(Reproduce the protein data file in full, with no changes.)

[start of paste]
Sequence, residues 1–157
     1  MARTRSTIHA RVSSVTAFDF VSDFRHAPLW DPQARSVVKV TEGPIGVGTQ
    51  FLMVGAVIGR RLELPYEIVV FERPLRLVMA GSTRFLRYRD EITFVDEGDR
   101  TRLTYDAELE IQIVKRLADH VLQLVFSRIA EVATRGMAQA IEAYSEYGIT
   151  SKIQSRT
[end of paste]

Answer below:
Sequence, residues 1–157
     1  MARTRSTIHA RVSSVTAFDF VSDFRHAPLW DPQARSVVKV TEGPIGVGTQ
    51  FLMVGAVIGR RLELPYEIVV FERPLRLVMA GSTRFLRYRD EITFVDEGDR
   101  TRLTYDAELE IQIVKRLADH VLQLVFSRIA EVATRGMAQA IEAYSEYGIT
   151  SKIQSRT